The New Zealand Dollar has advanced against the Pound at the start of the new year with GBP/NZD quoted at 1.7769 at the time of writing.
The pair remains in familiar territory however - GBP/NZD has been caught in a sideways drift since the middle of November; akin to the performance of many other GBP-based exchange rates.
The steadily rising consolidation range lows is however a bullish sign which indicates to us a slight bias that could lead to an eventual upside breakout in early January.
From a fundamental perspective, what happens next could depend on the decision of the Supreme Court in January.
The outcome is likely to be binary for the pair, with a decision to require an act of Parliament leading to short-term Sterling strength and the decision to enable the government to use its prerogative powers, negative, as it will increase the chances of a “Harder” Brexit.
Our hunch is that the law lords will require an Act of Parliament to trigger Brexit, which is likely to lead to a short-term rise in Sterling, potentially push it above the current range highs at 1.8000.
That said, there is also the risk that such a decision is nothing more than a damp squib for the currency as we note Theresa May has already signalled a willingness for Parliamentary scrutiny.
The situation is liquid and the UK currency remains highly sensitive to sentiment requiring those with an interest in the FX markets to keep an eye on the headlines.
From a technical perspective, further Pound Sterling strenght is likely to be thwarted by the resistance which lies at 1.8032 from the R1 and is likely to prevent more upside:
For confirmation of a clean break out of the range, I would ideally wish to see a break well above the R1 signaled by a break above 1.8100.
Such a move would probably reach an initial target at 1.8200, although it would be likely to move higher to 1.8275 afterward, where tough resistance once again kicks in from the R2 monthly pivot.
Commodity Currencies to Struggle
The commodity dollar complex - AUD, NZD and CAD - have been struggling of late and we hear they are likely to continue struggling.
"Part of that has to do with the prospect of further US Dollar strength but the 4% drop in the Chinese Yuan since October and the 7.7% drop since April takes a big bite out of the purchasing power of the Chinese, who play a big role in the outlook for Canada, Australia and New Zealand," says Kathy Lien, Director at BK Asset Management in New York.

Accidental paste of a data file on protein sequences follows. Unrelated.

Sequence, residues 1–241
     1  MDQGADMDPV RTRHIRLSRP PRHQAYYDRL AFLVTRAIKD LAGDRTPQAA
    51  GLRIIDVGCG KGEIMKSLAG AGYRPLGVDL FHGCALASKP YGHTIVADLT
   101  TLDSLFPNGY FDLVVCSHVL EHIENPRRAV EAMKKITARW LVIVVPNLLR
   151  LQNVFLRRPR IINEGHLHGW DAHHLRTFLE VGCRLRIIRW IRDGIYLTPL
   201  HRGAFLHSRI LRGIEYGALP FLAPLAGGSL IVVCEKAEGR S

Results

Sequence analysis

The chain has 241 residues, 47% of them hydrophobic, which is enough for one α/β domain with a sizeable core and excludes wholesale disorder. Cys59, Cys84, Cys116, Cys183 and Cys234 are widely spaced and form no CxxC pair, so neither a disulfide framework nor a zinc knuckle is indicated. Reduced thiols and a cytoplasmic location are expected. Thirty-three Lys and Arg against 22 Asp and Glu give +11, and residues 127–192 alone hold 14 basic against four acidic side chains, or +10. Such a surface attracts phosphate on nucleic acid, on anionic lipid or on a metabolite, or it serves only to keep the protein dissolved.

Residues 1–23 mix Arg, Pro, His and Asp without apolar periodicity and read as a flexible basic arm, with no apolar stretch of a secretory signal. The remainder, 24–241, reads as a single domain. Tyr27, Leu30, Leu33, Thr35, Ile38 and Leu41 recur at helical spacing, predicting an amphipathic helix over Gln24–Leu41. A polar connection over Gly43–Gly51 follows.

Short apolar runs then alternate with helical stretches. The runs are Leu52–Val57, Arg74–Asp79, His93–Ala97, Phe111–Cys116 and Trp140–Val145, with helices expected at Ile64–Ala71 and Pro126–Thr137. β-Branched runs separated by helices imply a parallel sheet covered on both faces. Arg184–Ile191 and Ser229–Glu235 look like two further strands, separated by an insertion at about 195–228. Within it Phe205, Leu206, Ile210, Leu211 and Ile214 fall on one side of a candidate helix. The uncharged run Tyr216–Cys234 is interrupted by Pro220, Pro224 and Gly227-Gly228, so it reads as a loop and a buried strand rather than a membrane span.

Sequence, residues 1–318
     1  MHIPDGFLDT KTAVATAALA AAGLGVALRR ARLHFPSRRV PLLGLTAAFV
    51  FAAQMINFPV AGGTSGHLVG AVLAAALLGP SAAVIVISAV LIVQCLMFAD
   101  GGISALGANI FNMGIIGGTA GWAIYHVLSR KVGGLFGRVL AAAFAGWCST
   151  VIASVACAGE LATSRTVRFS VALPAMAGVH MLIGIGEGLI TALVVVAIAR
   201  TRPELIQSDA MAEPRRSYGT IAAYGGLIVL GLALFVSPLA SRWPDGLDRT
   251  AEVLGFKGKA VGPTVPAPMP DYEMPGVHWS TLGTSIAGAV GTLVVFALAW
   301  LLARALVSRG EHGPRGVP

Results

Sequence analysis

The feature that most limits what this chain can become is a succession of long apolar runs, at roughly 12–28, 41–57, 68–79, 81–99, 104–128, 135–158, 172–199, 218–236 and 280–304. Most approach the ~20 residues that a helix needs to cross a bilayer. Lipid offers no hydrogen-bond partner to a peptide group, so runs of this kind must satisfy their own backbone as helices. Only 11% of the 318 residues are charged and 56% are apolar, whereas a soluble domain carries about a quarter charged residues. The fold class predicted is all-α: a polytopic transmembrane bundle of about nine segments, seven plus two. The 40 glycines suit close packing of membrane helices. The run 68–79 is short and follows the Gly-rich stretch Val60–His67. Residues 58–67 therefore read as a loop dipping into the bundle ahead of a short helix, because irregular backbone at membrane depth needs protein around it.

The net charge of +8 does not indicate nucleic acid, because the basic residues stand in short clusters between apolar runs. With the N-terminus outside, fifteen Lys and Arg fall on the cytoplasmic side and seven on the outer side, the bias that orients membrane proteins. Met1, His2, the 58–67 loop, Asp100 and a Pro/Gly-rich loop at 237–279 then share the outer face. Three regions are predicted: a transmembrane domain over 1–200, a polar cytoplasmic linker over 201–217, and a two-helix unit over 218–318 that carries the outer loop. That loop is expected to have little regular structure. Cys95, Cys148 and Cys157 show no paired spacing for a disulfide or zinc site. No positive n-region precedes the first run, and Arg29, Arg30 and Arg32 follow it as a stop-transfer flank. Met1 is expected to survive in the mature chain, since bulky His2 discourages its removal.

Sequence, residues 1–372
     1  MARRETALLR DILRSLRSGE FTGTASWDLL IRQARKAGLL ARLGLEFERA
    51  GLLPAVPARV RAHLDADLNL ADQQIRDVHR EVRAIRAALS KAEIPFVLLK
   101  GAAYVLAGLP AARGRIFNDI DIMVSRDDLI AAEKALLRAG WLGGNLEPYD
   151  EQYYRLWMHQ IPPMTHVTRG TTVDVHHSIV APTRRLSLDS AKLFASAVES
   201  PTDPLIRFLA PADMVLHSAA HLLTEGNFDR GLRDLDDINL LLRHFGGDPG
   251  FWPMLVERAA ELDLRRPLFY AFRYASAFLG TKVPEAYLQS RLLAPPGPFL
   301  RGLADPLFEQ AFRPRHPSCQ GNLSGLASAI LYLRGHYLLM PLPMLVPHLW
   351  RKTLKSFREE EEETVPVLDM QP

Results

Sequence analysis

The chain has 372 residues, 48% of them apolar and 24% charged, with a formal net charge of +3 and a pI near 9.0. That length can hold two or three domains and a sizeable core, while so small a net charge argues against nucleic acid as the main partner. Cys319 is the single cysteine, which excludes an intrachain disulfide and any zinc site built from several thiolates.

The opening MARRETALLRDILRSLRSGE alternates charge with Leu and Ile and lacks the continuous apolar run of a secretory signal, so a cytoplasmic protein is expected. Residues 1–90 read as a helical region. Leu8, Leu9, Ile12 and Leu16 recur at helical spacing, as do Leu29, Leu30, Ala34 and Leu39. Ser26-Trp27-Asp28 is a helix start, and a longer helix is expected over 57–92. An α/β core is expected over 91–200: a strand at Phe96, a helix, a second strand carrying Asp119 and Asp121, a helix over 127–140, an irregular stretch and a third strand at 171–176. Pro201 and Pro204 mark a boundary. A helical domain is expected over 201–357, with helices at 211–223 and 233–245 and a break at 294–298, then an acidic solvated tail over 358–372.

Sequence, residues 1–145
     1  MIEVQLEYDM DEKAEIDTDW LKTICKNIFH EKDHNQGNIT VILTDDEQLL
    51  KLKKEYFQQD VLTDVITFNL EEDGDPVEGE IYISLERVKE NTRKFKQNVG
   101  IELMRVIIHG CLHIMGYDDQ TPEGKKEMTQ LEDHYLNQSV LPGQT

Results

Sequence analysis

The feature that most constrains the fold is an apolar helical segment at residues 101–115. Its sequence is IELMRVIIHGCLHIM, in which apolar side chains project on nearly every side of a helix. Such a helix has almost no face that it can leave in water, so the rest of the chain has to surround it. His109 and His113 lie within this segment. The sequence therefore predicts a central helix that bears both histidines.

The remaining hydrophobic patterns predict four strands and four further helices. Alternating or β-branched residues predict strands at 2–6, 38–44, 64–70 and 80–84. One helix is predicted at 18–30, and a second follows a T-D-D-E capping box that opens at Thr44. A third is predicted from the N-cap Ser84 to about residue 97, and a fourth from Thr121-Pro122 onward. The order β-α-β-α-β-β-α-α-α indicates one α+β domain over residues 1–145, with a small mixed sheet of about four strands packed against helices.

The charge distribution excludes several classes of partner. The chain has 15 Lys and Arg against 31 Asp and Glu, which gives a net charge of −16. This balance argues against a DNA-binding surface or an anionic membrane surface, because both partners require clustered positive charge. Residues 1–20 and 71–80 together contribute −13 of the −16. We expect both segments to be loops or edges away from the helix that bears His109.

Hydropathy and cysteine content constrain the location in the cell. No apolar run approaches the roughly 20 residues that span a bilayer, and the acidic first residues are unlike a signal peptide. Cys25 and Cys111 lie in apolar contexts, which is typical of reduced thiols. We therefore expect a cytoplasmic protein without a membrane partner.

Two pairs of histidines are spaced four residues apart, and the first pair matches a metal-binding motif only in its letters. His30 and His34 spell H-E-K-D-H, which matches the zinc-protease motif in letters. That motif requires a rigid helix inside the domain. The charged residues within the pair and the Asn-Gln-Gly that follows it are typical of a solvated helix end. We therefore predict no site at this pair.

Lien notes that Australia and New Zealand could feel the pinch of higher interest rates in the US and weaker Chinese growth.
"Many Australian companies have also borrowed in US Dollars and the cost of borrowing will rise in the coming year. Since we are looking for further U.S. dollar strength, AUD and NZD are likely to move lower and this downtrend will ease the pressure on the Reserve Banks to lower rates. Growth should be slow as job growth remains a problem," says Lien.
Indeed, Australian GDP actually contracted in the third quarter of 2016, much to the surprise of analysts. Will 2017 see the Reserve Bank of Australia cut interest rates in response to slowing growth?
If so, then AUD could struggle over the course of the coming year, allowing Sterling opportunity to remain supported.
“In New Zealand, growth has been better than expected but weaker dairy prices and slower Chinese growth could curtail the recovery in the coming year. There are no major economic reports from New Zealand in the coming week but Australia and China's PMI numbers will be in focus along with the country's trade balance,” says Lien.
Data, Events to Watch for the New Zealand Dollar
The week begins with Global Dairy Prices on Tuesday, January 3 at 15.10 (GMT).
The release is of importance to the Kiwi as Dairy products are the country’s primary export so an increase in global prices for them is likely to increase the value of the NZD as it raises aggregate demand for the currency.
The last release showed a temporary slowdown of -0.5% after a run of strong results, so the January 3 result could be key in dictating market sentiment as further declines may indicate the early development of a downtrend for prices.
Data, Events to Watch for the Pound
The main data releases for this week are Manufacturing, Services and Construction PMIs for December.
The week starts with Manufacturing PMI on Tuesday, January 3 at 9.30, which is forecast to pull-back a basis point to 53.3.
Construction PMI follows on Wednesday, January 4, and is forecast to rise to 53.0 from 52.8.
Services is out on Thursday, January 5, and is forecast to pull-back to 54.7 from 55.2.
Should the data beat expectations then we would expect GBP to catch a bid.
Anything below consensus and Sterling could struggle.
Bank of England’s (BOE’s) Andy Haldane is speaking on Thursday 5 - we are not expecting any major moves in the currency on the back of Haldane's appearance, but he is worth watching.
Should Haldane hint at a potential interest rate rise in the future then Sterling should find itself headed higher.
Lending and Consumer Credit data is out on Wednesday the 4th; again this should not be a major market move but should be instructive on the direction of the UK economy heading into the new year.